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United States Department of Agriculture

Agricultural Research Service

Research Project: INTEGRATED ASSESSMENT AND ANALYSIS OF PHYSICAL LANDSCAPE PROCESSES THAT IMPACT THE QUALITY AND MANAGEMENT OF AGRICULTURAL WATERSHEDS

Location: Watershed Physical Processes Research Unit

Title: Experimental investigation of wave attenuation through model and live vegetation

Authors
item Ozeren, Yavuz -
item Wren, Daniel
item Wu, Weiming -

Submitted to: Journal of Waterway, Port, Coastal and Ocean Engineering
Publication Type: Peer Reviewed Journal
Publication Acceptance Date: January 20, 2013
Publication Date: N/A

Interpretive Summary: Hurricanes and tropical storms often cause severe damage and loss of life in coastal areas. It is widely recognized that wetlands along coastal fringes reduce storm surge and waves. Yet, the potential role and primary mechanisms of wave mitigation by wetland vegetation are not fully understood. Knowledge of the reduction in wave height and energy as the waves encounter obstacles such as marsh grasses is essential for assessing the ability of vegetation to limit wave damage. It is also important for coastal marsh restoration design, where the width of the restored or established marsh may be based how the waves will be reduced as they cross the marsh. The goal of this study was to quantify the reduction in wave height and energy as they relate to vegetation type, density, and height through laboratory experiments. Wave attenuation characteristics for rigid and flexible model vegetation as well as live Spartina alterniflora and Juncus roemerianus, two common species along coastal Mississippi and Louisiana, were investigated under both artificial waves with unchanging characteristics and random waves that better represent the range of wave sizes encountered in coastal areas. Each type of model and live vegetation were used to calibrate drag coefficients, which can be used to predict the reduction of wave height in coastal marshlands. Electronic wave gauge data and video image processing were used to determine how the waves changed when they encountered model and live vegetation. The most important results from this work are: (1) the drag coefficients that will be used to predict the behavior of waves in coastal marsh areas and (2) the finding that variable diameter and leaf properties along the length of the plants affects the drag coefficient, which means that the water level will affect the drag coefficient.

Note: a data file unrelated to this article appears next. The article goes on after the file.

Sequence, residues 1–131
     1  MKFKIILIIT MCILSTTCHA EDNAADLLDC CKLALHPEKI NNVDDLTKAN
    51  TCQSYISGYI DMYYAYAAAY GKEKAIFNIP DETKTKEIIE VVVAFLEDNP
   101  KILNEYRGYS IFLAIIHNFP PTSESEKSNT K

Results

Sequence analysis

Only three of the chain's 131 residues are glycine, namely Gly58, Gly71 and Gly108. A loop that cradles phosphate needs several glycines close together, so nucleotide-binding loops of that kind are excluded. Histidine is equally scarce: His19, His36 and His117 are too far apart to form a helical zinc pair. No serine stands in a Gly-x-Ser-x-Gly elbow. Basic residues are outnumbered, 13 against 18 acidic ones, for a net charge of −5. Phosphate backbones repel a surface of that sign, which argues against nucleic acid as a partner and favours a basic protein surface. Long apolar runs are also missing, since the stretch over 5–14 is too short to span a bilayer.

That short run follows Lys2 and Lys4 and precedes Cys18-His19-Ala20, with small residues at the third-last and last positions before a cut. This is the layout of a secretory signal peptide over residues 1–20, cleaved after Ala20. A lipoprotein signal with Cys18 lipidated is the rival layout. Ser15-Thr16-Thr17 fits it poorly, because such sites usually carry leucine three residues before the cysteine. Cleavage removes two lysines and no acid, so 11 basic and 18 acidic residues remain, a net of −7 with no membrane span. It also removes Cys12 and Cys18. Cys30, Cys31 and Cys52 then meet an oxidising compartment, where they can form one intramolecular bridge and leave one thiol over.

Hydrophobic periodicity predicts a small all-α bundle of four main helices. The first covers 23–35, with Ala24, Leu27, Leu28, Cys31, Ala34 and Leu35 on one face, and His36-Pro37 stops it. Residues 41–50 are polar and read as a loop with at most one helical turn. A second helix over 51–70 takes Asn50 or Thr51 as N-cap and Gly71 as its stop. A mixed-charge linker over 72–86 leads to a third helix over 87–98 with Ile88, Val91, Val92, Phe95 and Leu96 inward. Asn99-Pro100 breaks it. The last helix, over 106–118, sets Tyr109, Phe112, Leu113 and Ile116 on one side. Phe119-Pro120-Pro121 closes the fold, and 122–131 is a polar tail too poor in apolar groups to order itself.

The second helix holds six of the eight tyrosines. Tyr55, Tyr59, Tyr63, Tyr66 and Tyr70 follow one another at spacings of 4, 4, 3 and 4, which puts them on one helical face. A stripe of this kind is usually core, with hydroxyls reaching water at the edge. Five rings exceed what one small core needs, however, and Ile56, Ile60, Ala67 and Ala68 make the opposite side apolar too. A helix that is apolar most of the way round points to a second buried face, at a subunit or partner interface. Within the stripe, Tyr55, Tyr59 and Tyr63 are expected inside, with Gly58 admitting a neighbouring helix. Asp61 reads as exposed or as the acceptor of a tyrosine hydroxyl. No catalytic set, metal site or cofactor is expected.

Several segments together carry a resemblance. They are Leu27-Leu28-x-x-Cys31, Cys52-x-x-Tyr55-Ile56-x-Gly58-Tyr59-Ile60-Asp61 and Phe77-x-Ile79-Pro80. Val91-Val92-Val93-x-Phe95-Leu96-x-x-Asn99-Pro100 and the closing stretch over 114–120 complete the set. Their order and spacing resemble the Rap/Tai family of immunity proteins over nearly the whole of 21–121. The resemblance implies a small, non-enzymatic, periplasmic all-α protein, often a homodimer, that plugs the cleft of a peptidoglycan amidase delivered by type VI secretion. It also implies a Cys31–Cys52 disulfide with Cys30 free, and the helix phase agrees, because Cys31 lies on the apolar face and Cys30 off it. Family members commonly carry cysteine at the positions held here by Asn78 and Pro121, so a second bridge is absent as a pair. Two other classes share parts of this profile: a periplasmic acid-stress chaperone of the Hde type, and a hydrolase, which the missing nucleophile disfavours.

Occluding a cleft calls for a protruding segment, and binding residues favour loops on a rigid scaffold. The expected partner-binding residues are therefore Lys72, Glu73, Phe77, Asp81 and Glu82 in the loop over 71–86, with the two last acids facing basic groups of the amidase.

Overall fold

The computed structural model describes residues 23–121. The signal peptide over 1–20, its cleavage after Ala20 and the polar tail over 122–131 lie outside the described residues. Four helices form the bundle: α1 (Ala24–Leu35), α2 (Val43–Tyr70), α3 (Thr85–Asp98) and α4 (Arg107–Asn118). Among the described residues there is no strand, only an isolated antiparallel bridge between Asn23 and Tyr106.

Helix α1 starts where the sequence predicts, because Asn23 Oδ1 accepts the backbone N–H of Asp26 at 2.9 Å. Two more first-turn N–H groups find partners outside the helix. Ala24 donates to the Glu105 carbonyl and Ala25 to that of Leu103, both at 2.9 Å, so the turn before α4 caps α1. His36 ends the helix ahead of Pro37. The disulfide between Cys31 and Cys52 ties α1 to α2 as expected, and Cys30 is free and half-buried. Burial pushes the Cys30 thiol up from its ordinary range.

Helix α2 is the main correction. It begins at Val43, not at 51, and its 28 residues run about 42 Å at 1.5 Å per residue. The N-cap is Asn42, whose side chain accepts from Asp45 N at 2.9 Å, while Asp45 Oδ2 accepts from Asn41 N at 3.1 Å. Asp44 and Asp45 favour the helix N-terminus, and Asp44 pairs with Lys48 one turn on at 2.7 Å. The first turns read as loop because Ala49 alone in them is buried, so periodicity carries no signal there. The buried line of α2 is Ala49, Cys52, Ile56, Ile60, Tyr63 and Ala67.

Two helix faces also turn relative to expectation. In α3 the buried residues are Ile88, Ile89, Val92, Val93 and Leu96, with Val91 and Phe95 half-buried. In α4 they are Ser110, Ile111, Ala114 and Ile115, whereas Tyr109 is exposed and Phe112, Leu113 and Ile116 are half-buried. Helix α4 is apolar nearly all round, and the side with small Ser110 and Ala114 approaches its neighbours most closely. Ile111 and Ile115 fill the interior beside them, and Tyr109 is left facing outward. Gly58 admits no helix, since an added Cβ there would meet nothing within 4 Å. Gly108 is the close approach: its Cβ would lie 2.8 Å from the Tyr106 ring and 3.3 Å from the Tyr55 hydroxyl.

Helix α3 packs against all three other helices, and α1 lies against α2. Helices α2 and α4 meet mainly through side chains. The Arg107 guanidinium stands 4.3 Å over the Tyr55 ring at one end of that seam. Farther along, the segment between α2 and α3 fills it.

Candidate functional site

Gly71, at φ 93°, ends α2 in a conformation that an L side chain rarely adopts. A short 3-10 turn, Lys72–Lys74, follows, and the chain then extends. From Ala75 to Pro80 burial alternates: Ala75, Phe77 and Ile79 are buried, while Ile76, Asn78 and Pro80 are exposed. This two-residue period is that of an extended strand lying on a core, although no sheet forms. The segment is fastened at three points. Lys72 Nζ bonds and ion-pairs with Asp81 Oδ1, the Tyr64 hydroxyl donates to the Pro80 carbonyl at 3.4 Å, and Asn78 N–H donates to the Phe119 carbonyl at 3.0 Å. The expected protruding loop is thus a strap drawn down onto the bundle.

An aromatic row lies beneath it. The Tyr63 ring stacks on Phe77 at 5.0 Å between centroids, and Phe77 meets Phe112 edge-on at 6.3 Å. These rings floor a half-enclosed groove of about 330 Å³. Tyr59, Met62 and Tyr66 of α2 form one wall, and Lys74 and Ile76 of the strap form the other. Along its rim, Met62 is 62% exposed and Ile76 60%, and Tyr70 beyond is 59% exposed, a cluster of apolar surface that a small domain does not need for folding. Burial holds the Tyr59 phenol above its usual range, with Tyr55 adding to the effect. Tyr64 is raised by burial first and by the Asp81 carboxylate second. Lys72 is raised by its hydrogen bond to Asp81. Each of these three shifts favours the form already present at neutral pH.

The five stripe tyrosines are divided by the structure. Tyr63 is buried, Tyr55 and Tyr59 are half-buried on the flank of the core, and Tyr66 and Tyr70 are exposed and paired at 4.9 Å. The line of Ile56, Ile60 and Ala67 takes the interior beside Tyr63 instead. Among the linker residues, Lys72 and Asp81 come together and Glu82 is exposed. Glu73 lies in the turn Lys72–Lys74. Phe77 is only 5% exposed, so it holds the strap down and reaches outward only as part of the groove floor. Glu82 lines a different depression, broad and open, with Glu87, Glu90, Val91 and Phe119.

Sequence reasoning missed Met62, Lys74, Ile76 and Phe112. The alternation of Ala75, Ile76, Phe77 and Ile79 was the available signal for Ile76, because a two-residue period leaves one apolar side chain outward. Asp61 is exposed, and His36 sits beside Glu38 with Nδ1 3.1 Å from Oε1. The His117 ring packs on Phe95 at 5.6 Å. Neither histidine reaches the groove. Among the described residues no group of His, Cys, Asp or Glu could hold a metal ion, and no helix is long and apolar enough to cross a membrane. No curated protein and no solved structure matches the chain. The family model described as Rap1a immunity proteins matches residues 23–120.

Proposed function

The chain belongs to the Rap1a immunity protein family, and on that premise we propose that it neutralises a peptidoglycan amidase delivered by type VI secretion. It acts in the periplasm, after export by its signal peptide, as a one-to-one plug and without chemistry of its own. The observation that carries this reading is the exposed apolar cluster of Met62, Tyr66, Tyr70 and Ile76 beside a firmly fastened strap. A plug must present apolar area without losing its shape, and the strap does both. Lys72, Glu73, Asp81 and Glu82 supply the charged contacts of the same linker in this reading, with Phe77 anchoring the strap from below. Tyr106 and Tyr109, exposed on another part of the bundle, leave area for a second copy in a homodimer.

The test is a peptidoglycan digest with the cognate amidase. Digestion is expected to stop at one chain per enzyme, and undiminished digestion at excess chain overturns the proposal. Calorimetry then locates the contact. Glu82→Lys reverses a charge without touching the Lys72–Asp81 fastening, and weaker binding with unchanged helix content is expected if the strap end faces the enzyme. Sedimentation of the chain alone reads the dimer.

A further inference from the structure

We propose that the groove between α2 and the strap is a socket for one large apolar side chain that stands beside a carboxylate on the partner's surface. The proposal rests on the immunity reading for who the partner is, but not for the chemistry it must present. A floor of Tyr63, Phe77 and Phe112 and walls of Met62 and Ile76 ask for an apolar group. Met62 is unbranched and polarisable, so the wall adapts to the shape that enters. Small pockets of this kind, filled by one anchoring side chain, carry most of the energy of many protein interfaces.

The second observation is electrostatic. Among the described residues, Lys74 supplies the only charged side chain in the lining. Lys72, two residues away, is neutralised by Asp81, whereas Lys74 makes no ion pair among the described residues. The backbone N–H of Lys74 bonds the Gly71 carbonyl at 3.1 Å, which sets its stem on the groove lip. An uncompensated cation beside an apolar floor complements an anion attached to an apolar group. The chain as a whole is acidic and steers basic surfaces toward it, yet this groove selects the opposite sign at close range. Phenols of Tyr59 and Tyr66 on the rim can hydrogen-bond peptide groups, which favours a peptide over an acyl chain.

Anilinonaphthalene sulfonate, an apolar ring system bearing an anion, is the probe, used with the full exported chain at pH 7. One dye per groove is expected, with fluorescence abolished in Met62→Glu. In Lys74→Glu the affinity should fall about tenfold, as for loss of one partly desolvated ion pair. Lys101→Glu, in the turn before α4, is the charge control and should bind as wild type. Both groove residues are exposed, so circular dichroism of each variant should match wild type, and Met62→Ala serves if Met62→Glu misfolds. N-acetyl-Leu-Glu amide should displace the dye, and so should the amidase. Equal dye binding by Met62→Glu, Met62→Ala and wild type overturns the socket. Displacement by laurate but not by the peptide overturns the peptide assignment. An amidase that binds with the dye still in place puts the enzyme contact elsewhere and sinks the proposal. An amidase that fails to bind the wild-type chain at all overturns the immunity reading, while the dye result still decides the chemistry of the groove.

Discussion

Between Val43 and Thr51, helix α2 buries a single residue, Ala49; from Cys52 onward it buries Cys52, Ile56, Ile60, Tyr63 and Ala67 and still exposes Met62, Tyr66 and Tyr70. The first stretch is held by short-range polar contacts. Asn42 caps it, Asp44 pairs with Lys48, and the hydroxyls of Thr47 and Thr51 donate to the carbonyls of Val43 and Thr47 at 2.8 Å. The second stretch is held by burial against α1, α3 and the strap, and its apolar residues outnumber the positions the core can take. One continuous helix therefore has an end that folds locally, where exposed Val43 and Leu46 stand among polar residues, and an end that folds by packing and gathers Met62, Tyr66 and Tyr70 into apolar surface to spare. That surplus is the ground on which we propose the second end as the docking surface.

Technical Abstract: Hurricanes and tropical storms often cause severe damage and loss of life in coastal areas. It is widely recognized that wetlands along coastal fringes reduce storm surge and waves. Yet, the potential role and primary mechanisms of wave mitigation by wetland vegetation are not fully understood. Knowledge of wave attenuation is essential for assessing the ability of vegetation to limit wave damage. The goal of this study was to quantify the attenuation of waves as a function of vegetation type, density, and height through laboratory experiments. Wave attenuation characteristics for rigid and flexible model vegetation as well as live Spartina alterniflora and Juncus roemerianus, two common species along coastal Mississippi and Louisiana, were investigated under monochromatic and irregular wave conditions. Drag coefficients of each of the tested vegetation species were calibrated based on the collected wave gage data and video images, and regression equations were derived for the drag coefficient as functions of the Reynolds number and Keulegan-Carpenter number. The results showed that vertical variation of plant density strongly influences the bulk drag coefficient.

Last Modified: 8/31/2014
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